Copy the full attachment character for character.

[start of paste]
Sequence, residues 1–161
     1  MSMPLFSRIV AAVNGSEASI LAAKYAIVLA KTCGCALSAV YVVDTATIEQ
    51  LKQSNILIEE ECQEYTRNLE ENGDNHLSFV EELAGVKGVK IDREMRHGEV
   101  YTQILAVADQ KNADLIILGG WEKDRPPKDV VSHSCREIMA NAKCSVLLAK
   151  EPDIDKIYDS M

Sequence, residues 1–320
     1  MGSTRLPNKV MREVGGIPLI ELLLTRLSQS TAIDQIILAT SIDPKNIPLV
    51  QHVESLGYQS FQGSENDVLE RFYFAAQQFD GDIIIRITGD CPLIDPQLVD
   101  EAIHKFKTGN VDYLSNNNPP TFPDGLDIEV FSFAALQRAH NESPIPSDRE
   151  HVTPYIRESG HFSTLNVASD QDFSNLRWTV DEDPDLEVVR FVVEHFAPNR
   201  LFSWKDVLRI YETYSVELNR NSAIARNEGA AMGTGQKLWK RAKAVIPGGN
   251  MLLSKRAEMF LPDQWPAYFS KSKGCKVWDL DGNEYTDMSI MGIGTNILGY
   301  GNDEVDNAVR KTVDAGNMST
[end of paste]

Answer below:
Sequence, residues 1–161
     1  MSMPLFSRIV AAVNGSEASI LAAKYAIVLA KTCGCALSAV YVVDTATIEQ
    51  LKQSNILIEE ECQEYTRNLE ENGDNHLSFV EELAGVKGVK IDREMRHGEV
   101  YTQILAVADQ KNADLIILGG WEKDRPPKDV VSHSCREIMA NAKCSVLLAK
   151  EPDIDKIYDS M

Sequence, residues 1–320
     1  MGSTRLPNKV MREVGGIPLI ELLLTRLSQS TAIDQIILAT SIDPKNIPLV
    51  QHVESLGYQS FQGSENDVLE RFYFAAQQFD GDIIIRITGD CPLIDPQLVD
   101  EAIHKFKTGN VDYLSNNNPP TFPDGLDIEV FSFAALQRAH NESPIPSDRE
   151  HVTPYIRESG HFSTLNVASD QDFSNLRWTV DEDPDLEVVR FVVEHFAPNR
   201  LFSWKDVLRI YETYSVELNR NSAIARNEGA AMGTGQKLWK RAKAVIPGGN
   251  MLLSKRAEMF LPDQWPAYFS KSKGCKVWDL DGNEYTDMSI MGIGTNILGY
   301  GNDEVDNAVR KTVDAGNMST